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The Importance of Hiring a Georgia Workers’ Compensation Attorney

Although, generally, workers’ compensation is similar across state lines, each state has its own particular laws that govern these claims. An experienced Georgia workers’ compensation attorney can assist in ensuring that a legitimate workers’ compensation claim is approved. It is true that sometimes employers and their workers’ compensation insurance carriers quickly pay out benefits, however, this is the exception to the rule. More often than not, insurers are reluctant to pay out benefits to an injured employee. Some reasons may include concern for paying out fraudulent workers’ compensation claims or simple financial interests. Likewise, an employer may not want to approve a claim out of fear that premiums will increase or in an attempt to cover up the injury and deny the incident ever occurred.

Workers’ Compensation Basics

Georgia law mandates that any company that regularly employs three or more people – including part-time workers – must provide workers’ compensation insurance coverage.

The Georgia Workers’ Compensation Act (GWCA) has all of the required rules and regulations regarding individuals who suffer a workplace-related injury or illness. The GWCA states that anyone who is unable to work due to a workplace accident or injury is entitled to workers’ compensation benefits, which include payment of two-thirds of the victim’s weekly income (not to exceed $550 per week) for up to 400 weeks. In particularly serious cases, when catastrophic injuries are suffered, a claimant may be entitled to receive benefits for life. Moreover, employers are required to pay any and all reasonable medical expenses resulting from the injury or illness for which a claim is made.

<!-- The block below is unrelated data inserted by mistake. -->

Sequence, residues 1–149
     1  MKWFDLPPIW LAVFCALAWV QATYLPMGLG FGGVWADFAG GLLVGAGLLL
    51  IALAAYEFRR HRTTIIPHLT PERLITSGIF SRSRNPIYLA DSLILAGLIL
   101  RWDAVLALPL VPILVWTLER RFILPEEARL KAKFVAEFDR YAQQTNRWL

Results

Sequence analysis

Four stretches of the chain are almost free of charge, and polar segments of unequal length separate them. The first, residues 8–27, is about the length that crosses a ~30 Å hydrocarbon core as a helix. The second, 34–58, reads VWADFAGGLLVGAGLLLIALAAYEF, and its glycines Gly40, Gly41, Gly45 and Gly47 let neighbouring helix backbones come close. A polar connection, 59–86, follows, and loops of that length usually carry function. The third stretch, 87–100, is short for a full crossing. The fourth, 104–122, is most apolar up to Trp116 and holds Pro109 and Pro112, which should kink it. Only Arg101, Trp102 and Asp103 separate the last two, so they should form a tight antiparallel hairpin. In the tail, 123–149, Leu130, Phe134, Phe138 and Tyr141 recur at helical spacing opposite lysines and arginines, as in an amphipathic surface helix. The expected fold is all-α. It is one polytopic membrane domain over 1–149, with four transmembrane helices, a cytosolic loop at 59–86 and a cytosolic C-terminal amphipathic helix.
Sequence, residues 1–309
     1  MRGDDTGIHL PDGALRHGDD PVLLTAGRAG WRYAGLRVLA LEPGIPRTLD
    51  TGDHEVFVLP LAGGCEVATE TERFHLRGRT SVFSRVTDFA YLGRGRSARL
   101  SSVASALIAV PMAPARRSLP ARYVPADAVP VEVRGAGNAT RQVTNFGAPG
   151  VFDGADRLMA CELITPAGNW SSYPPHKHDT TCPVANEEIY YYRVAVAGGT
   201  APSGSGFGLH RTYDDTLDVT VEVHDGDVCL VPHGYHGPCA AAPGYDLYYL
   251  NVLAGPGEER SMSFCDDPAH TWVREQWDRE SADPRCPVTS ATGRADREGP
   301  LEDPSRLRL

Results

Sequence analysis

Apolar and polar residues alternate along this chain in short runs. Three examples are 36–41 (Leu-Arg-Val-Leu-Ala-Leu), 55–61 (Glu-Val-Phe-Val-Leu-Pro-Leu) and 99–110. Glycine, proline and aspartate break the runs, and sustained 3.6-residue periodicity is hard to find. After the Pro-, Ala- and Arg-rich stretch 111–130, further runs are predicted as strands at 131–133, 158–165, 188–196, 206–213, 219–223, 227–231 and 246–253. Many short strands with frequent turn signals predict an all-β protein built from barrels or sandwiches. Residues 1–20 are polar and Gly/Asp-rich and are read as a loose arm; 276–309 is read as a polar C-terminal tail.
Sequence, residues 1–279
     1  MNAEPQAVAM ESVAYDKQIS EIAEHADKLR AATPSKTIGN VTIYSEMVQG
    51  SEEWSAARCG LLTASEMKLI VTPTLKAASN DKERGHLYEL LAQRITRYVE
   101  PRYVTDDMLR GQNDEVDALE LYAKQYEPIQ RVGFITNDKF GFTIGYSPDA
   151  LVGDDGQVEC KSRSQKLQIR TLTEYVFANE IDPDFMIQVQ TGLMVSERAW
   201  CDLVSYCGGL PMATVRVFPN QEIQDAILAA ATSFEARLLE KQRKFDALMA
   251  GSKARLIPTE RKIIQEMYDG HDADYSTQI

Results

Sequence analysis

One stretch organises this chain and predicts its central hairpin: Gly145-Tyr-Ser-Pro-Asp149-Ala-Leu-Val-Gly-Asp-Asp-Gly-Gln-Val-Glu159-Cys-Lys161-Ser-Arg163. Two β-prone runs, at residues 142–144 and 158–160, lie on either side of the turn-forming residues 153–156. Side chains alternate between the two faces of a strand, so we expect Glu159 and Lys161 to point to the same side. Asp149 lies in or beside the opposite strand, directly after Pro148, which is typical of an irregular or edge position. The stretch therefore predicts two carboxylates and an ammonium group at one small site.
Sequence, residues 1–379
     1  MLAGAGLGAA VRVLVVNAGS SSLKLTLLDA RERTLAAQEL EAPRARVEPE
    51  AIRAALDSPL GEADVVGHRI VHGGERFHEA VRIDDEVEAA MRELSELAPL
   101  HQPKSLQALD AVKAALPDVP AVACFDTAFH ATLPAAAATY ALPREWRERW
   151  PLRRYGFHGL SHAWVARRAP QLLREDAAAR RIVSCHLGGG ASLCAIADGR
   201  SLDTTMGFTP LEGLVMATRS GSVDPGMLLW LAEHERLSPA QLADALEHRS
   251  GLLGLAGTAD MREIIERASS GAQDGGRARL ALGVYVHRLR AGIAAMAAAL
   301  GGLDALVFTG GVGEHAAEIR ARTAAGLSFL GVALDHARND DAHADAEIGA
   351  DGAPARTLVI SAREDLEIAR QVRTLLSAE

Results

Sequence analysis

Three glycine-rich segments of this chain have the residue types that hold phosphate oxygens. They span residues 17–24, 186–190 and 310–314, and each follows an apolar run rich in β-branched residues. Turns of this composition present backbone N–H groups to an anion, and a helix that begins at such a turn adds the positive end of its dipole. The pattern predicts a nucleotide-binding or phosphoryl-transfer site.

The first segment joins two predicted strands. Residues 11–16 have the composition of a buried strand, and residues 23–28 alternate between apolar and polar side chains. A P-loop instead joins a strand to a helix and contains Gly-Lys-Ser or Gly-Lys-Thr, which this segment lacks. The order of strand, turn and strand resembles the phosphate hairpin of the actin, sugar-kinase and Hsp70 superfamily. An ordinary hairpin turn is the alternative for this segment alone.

Why You Need an Attorney

A Georgia workers’ compensation attorney can increase the chance of a claimant receiving benefits for his or her workplace injury or illness when compared to an individual seeking these benefits on his or her own. A skilled workers’ compensation lawyer can gather medical and non-medical evidence including medical records, safety reports, eyewitness accounts and other information to help bolster a claim. Moreover, should a workers’ compensation claim be denied, the attorney can file an appeal with the Georgia Workers’ Compensation Board and demand these benefits be paid out.